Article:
11 Reasons To Keep Your Cat Indoors

My 6 year old DSH, Mittens, spends most of her day napping in her favorite spots, eating whenever she likes, playing with her toys and watching the bMittensirds outside in her cat tree.

But every once in awhile her day takes an unexpected twist and she begins running around the house from window to window, meowing. Why?

We have several cats in our neighborhood that have owners that allow them to roam around outside and each and everyone one of them it seems, likes to take some time out of their busy schedules to essentially “mock” Mittens of the fact that she is a mere “house-cat” and can’t come outside to play.

Unfortunately for Mittens (and her pride) she will remain a house cat whether she likes it or not. What is my reason for subjecting her to such humiliation?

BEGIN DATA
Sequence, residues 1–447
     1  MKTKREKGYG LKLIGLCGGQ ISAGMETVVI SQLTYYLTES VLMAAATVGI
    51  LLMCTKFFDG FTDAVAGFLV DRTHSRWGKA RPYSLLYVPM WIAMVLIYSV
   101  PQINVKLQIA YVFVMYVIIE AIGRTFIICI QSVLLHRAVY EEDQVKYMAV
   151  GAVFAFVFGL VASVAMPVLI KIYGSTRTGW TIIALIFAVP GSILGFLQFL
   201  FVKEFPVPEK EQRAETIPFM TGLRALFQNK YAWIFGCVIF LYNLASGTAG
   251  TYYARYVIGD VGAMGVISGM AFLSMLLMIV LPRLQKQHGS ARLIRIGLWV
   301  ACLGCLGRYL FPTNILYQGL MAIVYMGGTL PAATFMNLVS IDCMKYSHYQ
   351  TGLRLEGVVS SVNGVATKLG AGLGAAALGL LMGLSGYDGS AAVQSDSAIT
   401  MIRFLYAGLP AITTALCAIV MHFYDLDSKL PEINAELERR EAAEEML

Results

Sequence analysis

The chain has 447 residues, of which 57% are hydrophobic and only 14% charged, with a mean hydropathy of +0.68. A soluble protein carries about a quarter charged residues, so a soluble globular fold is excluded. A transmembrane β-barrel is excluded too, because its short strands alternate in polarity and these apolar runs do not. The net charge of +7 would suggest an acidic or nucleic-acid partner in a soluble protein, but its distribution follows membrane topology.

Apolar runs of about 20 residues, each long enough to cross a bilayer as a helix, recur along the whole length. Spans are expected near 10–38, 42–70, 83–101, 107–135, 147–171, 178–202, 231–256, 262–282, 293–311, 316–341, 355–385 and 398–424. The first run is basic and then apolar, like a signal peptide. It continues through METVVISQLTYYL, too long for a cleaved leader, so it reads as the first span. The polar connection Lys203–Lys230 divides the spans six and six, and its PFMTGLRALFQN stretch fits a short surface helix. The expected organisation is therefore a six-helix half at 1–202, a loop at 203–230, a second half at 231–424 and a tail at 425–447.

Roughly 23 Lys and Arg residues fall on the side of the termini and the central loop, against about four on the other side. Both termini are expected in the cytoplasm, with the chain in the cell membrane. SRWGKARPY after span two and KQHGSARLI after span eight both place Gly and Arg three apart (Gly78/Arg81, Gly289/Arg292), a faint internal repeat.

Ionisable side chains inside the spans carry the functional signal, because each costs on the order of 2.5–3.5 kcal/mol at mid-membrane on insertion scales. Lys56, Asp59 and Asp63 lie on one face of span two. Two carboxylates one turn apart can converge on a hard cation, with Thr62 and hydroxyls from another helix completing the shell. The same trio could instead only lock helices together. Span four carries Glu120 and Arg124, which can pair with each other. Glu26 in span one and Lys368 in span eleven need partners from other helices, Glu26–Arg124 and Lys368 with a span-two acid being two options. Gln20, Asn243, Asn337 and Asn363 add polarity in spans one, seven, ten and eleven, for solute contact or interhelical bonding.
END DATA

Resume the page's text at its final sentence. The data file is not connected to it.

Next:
Allowing your cat to be outdoors puts them at risk of:

  • Getting run over by  a car
  • Being eaten by Coyotes (even in urban neighborhoods)
  • Accidentally being trapped in a shed or basement and starving to death
  • Getting killed while hiding under a car hood to keep warm
  • Antifreeze poisoning
  • Fights with other cats or wild animals
  • Picking up diseases
  • Intentionally being poisoned by intolerant neighbors (yes, unfortunately, this does happen)
  • Being stolen and sold for animal testing
  • Being attacked by neighborhood dogs
  • Broken bones and lacerations

The average life expectancy for an outdoor cat is 4 times lower than the life expectancy for an indoor cat. Though I am sure she thinks it would be fine to go out and roam the property, to keep her safe and healthy she will be staying indoors and I will make every effort to keep her indoor life exciting and stimulating for her to keep her happy and other cat parents should do the same.

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